This book reconceives virtue epistemology in light of the conviction that we are essentially social creatures. Virtue is normally thought of as something that allows individuals to accomplish things on their own. Although contemporary ethics is increasingly making room for an inherently social dimension in moral agency, intellectual virtues continue to be seen in terms of the computing potential of a brain taken by itself. Thinking in these terms, however, seriously misconstrues the way in which our individual flourishing hinges on our collective flourishing.
Green’s account of virtue epistemology is based on the extended credit view, which conceives of knowledge as an achievement and broadens that focus to include team achievements in addition to individual ones. He argues that this view does a better job than alternatives of answering the many conceptual and empirical challenges for virtue epistemology that have been based on cases of testimony. The view also allows for a nuanced interaction with situationist psychology, dual processing models in cognitive science, and the extended mind literature in philosophy of mind. This framework provides a useful conceptual bridge between individual and group epistemology, and it has novel applications to the epistemology of disagreement, prejudice, and authority.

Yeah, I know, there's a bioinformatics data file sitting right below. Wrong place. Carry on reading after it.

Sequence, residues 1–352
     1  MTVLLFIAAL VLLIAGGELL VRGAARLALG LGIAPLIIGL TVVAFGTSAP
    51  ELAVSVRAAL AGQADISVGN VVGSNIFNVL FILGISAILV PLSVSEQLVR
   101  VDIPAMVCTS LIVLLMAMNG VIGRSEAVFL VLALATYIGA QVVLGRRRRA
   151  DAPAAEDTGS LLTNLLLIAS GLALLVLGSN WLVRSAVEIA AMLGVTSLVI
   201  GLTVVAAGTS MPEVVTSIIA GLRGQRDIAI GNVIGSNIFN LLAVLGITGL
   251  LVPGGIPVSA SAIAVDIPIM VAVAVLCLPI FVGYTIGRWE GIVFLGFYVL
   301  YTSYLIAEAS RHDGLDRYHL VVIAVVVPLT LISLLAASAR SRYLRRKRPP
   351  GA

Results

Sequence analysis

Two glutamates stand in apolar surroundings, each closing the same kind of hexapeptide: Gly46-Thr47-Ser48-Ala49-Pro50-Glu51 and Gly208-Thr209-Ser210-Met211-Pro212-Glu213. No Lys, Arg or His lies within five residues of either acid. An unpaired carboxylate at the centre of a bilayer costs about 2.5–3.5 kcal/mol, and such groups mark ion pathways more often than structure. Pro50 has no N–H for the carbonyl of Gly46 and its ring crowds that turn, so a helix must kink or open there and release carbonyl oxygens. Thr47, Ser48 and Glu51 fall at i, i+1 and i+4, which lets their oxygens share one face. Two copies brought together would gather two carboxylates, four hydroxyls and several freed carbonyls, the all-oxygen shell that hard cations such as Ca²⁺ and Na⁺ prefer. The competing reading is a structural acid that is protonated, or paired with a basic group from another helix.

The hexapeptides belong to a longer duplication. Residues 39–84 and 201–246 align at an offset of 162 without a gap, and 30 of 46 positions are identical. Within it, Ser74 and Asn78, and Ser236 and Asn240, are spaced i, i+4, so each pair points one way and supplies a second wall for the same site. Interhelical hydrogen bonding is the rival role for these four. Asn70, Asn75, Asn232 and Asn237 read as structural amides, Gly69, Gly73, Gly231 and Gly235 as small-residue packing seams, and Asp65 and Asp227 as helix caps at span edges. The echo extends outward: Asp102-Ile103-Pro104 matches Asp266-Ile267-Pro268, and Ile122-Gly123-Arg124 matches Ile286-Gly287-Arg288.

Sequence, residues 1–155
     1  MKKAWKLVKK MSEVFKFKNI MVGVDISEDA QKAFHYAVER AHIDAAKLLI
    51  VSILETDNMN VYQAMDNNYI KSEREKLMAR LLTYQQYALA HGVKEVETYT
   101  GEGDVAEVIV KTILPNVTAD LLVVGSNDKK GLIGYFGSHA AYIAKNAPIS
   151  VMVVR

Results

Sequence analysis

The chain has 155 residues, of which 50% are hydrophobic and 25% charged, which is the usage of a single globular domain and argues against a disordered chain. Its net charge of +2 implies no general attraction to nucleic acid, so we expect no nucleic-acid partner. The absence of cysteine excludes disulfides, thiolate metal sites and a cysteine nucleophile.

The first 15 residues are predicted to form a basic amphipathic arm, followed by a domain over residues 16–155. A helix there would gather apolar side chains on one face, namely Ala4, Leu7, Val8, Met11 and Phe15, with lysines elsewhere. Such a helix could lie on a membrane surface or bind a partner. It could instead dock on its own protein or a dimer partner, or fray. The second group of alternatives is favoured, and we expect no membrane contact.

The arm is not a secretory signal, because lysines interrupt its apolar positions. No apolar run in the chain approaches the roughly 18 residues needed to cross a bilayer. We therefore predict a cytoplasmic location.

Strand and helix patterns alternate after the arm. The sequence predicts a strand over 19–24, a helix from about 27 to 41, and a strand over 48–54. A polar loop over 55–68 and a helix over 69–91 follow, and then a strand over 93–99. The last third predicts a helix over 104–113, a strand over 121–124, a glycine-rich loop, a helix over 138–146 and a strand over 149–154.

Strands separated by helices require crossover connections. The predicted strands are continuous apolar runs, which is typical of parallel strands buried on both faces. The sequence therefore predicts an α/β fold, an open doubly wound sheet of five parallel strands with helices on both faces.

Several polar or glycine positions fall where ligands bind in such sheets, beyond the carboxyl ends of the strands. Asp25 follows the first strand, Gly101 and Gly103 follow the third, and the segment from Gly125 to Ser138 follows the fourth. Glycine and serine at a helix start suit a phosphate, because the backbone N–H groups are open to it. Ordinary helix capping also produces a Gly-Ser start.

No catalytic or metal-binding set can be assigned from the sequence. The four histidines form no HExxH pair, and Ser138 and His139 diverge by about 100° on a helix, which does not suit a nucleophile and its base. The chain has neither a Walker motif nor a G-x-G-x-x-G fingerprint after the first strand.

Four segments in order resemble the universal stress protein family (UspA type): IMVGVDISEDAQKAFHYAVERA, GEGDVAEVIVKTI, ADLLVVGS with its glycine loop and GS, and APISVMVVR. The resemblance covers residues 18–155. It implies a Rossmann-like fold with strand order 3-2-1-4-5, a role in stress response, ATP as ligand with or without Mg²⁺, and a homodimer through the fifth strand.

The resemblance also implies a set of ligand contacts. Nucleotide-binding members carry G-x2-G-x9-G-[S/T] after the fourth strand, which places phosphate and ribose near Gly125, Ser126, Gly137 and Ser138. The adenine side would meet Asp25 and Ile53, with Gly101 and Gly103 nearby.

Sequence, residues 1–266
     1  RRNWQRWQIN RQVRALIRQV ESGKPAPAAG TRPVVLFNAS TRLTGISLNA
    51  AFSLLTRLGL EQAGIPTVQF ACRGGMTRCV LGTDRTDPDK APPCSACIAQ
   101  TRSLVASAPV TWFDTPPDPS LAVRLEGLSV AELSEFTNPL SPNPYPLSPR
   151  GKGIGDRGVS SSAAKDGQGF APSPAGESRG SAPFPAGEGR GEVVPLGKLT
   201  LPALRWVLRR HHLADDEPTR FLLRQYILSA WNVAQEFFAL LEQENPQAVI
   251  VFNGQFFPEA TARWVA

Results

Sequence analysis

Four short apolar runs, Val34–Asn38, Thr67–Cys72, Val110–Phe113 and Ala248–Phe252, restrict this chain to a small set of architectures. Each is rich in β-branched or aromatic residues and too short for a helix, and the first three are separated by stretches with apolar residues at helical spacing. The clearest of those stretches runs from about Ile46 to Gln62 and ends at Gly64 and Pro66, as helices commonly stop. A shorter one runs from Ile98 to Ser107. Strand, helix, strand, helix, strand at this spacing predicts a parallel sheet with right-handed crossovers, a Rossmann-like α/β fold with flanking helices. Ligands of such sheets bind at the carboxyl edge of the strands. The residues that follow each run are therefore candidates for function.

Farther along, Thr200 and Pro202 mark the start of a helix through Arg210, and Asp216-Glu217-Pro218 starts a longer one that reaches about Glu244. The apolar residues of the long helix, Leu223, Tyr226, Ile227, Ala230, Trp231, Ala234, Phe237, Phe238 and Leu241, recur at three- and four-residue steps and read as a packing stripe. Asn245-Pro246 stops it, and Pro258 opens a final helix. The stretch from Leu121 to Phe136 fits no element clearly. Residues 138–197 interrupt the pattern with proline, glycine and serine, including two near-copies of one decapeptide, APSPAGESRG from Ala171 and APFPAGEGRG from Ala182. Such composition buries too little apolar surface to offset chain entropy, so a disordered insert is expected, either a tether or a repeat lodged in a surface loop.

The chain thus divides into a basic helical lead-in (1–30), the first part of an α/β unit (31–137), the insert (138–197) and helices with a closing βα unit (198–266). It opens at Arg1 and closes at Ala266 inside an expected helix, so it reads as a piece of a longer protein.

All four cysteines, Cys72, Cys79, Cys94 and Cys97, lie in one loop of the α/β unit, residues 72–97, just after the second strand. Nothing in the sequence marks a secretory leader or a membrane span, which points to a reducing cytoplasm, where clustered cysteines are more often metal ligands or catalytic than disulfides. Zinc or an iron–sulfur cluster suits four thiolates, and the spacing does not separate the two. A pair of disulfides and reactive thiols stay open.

Table of Contents
1. The Basic Challenge and Basic View
2. Role-Based Normativity
3. Empirical Challenges for Testimony
4. Situationism, Heuristics, and a Broader Empirical Challenge
5. Kinds of Credit
6. The Ability Condition
7. Socially Distributed Cognition
8. Authority and Injustice
9. When Social Creatures Disagree
Appendix --Environmental Luck
Adam Green is an assistant professor of philosophy at Azusa Pacific University. His work ranges over epistemology, the philosophy and cognitive science of religion, and philosophical psychology. His previous work on social epistemology has appeared in American Philosophical Quarterly, Synthese, Episteme, and Philosophical Explorations.
"Adam Green thinks that taking a more social perspective will produce a richer and more plausible version of virtue epistemology—one that can avoid various objections to credit views of knowledge and that can deepen our understanding of both epistemic injustice and the problem of disagreement ... It is an excellent, interesting, and fruitful defense of a credit view of knowledge as well as a valuable contribution to our understanding of how social factors affect knowledge." -- Notre Dame Philosophical Reviews